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Real Simple and The Huffington Post conducted a joint poll that asked more than 3,500 women how they find balance in an increasingly wired world. Unveiled today on RealSimple.com and The Huffington Post’s Screen Sense section and in the January issue of
Real Simple, a special themed issue of the magazine dedicated entirely to life balance, the results of the 25-question survey found that women are ambivalent about the role mobile devices and social media play in their lives.
Of the women polled, 47 percent keep their smartphones on their nightstands overnight so that they can check them first thing in the morning, and 5 percent of respondents sleep with their phones in their beds. During dinner, 56 percent of women keep their smartphones close enough to hear and 12 percent set them on the table. Seventy-six percent check their smartphones at least once an hour, and of those women, almost half sneak a peek every 15 minutes (or even more frequently), but only 27 percent of respondents say that they are addicted to their digital devices.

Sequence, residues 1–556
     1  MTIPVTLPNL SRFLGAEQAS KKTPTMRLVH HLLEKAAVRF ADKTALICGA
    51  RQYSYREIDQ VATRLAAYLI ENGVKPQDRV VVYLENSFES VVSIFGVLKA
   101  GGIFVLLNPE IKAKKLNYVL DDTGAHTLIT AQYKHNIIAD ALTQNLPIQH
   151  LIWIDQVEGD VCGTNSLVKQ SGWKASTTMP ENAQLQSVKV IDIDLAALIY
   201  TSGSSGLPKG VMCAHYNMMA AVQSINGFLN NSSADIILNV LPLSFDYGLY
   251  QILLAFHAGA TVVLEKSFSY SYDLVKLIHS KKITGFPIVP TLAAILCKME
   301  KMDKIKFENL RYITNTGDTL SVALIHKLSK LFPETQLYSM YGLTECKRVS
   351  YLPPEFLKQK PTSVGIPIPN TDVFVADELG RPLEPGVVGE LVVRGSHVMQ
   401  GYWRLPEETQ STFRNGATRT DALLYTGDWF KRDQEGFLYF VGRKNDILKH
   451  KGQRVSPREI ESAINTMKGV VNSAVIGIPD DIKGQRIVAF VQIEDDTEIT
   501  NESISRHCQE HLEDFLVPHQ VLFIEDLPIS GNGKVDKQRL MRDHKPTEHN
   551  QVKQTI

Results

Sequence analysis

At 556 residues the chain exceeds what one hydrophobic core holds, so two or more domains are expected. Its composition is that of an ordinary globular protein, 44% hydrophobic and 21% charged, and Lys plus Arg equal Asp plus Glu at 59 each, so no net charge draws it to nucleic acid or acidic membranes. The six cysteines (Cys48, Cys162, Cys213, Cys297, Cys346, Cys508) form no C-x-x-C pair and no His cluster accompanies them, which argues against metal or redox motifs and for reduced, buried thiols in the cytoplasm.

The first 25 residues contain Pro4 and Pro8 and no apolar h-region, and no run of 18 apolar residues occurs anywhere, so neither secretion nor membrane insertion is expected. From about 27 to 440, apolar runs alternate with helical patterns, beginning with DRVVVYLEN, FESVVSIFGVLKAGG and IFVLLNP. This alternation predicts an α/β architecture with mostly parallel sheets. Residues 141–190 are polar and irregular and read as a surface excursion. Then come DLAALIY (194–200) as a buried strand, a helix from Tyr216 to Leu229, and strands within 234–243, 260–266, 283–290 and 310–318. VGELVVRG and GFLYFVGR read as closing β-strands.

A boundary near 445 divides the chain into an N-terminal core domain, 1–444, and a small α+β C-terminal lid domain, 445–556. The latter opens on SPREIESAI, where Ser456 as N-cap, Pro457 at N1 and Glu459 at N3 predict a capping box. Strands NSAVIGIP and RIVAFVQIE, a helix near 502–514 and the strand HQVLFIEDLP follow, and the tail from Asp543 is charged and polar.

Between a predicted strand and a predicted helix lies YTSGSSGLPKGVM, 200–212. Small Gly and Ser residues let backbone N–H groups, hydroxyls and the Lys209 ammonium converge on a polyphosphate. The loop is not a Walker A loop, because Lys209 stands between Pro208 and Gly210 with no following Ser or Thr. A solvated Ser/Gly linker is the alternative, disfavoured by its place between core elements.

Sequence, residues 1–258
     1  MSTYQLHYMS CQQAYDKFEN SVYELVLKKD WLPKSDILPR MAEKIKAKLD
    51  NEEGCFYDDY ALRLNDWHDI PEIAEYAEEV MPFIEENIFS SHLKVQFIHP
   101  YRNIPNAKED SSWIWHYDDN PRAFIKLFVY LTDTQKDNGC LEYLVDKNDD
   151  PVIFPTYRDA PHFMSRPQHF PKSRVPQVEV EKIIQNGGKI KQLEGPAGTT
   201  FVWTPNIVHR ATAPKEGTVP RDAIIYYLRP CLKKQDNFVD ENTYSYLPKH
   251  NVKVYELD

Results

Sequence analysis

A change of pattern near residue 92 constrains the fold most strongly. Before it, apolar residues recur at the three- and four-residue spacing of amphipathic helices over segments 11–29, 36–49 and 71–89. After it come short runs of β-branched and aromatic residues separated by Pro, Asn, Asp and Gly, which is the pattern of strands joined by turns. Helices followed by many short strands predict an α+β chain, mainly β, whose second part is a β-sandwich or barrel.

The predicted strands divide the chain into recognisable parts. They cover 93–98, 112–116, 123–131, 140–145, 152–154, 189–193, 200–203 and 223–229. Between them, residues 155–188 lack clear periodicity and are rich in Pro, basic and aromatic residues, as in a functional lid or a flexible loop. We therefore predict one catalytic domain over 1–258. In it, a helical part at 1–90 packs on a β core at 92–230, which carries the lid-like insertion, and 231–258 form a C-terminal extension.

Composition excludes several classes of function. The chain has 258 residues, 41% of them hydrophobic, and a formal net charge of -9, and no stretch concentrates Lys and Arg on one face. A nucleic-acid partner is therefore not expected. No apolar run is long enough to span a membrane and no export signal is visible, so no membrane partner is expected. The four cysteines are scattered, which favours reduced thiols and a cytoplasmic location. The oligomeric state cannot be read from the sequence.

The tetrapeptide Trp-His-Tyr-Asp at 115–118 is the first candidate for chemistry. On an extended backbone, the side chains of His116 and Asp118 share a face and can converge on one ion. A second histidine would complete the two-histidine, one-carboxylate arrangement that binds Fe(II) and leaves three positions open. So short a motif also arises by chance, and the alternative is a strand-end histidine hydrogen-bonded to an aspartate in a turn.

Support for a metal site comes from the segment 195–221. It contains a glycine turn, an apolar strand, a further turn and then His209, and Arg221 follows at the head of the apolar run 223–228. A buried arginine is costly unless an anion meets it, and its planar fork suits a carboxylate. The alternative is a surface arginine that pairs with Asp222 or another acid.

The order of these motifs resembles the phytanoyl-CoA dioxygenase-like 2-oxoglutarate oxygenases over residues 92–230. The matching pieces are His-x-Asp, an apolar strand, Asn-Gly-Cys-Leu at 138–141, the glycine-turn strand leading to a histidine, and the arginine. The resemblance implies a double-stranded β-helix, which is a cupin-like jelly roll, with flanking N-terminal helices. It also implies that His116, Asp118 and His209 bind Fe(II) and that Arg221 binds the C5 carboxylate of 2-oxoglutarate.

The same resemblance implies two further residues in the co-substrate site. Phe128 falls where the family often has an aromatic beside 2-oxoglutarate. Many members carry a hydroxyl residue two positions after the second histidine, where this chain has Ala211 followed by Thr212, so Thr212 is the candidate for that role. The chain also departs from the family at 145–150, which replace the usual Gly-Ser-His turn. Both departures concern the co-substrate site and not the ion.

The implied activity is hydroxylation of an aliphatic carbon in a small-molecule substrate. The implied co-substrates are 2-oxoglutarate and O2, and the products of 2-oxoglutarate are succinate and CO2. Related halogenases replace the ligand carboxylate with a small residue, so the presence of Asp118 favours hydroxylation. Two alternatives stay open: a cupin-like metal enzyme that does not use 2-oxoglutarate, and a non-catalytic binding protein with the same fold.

“Technology can help simplify our lives, but it also places additional demands on our time,” said
Kristin van Ogtrop, Editor of
Real Simple. “As technology and social media become staples of our everyday lives, women are faced with the new challenge of how to regulate their use and avoid letting their smartphones control them.”
Women have conflicting feelings when it comes to social media. When asked to choose from a selection of phrases describing how social media has changed their lives, respondents were evenly divided between positive and negative sentiments. They were allowed to choose multiple options, with the most popular selections stating that their lives are “more social” (17 percent), “more unproductive” (16 percent), “more interesting” (15 percent), and “more cluttered” (13 percent).
While social media has proven to be both a help and a hindrance, the most popular answers regarding how respondents feel while using social media were “entertained” (19 percent), “informed” (19 percent), and “connected” (19 percent).